შოთა რუსთაველის საქართველოს ეროვნული სამეცნიერო ფონდი

Shota Rustaveli National Science Foundation of Georgia

For Science, for Future, for Georgia

საქართველოს განათლების, მეცნიერების, კულტურისა და სპორტის სამინისტრო
GE

Success Stories

Studies in Positive Psychology

The aim of the project is to develop and implement the PhD program “Studies in Positive Psychology”. The PhD program has two research directions, each of corresponding to separate units: (a) positive psychology in personality studies and (b) positive psychology in counseling. The tentative research topics are as follows: (a) emotion related personality dispositions – emotional intelligence, empathy; creativity, psychological well-being, generativity, moral judgment, self and identity, narrative identity, individual differences in personal narratives and repeated narration, HEXACO model of personality; (b) Stress, stigma, and coping strategies; posttraumatic growth and rumination; ambiguous loss, aversive personality characteristics – dark triad and its correlates; cognitive errors, alternative model for personality disorders, narrative construction in therapeutic context, narratives in the context of subjective well-being and mental health. The program is built upon methodological pluralism, and combines quantitative, qualitative, and mixed methods for data gathering, analyzing and interpretation. The first year of the project will be spent on the program development and obtaining accreditation from the National center of quality enhancement of Georgia (NCEQE). Three years are set to enroll the first generation of postgraduate students, to teach mandatory and elective courses to PhD students, to design and implement PhD research projects in the positive psychology field, to provide advanced knowledge in research methods and academic writing to doctorates and academic staff involved in the project. International experts are supposed to be enrolled on each stage of the project, starting from preparations and consultation to visits to Georgia for work meetings, talks, workshops for students, and intensive courses.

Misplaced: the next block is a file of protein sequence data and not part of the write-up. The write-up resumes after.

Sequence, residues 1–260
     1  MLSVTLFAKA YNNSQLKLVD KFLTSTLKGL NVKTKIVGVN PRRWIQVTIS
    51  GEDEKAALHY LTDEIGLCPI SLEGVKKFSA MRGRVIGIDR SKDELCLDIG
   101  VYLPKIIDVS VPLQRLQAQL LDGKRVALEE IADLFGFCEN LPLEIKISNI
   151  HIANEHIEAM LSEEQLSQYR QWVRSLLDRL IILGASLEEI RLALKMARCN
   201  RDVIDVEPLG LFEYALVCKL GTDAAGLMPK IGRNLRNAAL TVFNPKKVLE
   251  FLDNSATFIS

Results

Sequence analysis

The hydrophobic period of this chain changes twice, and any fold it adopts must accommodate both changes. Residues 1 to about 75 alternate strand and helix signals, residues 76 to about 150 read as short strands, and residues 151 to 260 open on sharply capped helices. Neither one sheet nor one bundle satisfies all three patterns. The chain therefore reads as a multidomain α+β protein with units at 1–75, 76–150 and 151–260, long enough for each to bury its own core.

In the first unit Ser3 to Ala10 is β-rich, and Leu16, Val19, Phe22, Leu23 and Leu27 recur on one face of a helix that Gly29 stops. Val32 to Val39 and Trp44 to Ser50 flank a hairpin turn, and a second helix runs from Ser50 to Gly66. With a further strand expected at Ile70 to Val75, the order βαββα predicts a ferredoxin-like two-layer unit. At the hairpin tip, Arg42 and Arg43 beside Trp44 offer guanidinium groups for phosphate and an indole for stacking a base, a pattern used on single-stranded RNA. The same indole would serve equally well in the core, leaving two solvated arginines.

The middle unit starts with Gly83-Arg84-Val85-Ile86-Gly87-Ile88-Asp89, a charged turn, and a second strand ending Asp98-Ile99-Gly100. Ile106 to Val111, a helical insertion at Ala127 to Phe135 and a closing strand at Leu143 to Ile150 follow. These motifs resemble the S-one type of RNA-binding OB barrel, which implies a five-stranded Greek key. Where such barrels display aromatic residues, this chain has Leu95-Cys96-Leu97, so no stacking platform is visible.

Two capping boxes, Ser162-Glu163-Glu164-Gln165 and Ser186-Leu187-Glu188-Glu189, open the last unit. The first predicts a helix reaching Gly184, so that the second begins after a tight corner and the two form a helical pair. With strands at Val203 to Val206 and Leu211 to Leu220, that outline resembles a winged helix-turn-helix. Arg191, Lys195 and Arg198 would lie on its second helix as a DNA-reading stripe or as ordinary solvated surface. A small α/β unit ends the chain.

Existing doctoral programs in psychology do not meet the demands of potential PhD program applicants. The necessity of the presented PhD program is determined by two factors: a few number of current PhD programs and underrepresentation of current tendencies, specifically, the positive psychology research paradigm.

Positive psychology is a new branch in psychology, which was launched in 1999. It completely alters the view of personality, its functioning and approaches to psychological counseling/therapy, and shifts the focus from pathology towards personality growth, mental health, and adaptive functioning. Studies in positive psychology aims at revealing all those personal, social, cultural factors that determine and/or influence individuals’ psychological and emotional well-being.

The primary goal of the PhD program is to generate new scientific knowledge in positive psychology. It is based on scientist-practitioner model. It means that the aim of the program is the preparation of researcher-practitioners, who are able to lead research, academic and practical work in Academia and/or in other fields (e.g. educational and healthcare systems).

The objectives of the program involve teaching (learning & teaching) and research components:

  • Learning — obtaining, understanding and critically evaluating the new knowledge in psychology this is based on recent empirical research achievements.
  • Teaching — developing teaching skills necessary to teach at all three levels of university education.
  • Research — generating new empirical knowledge, conducting scientific-research work, planning, designing and implementing research projects.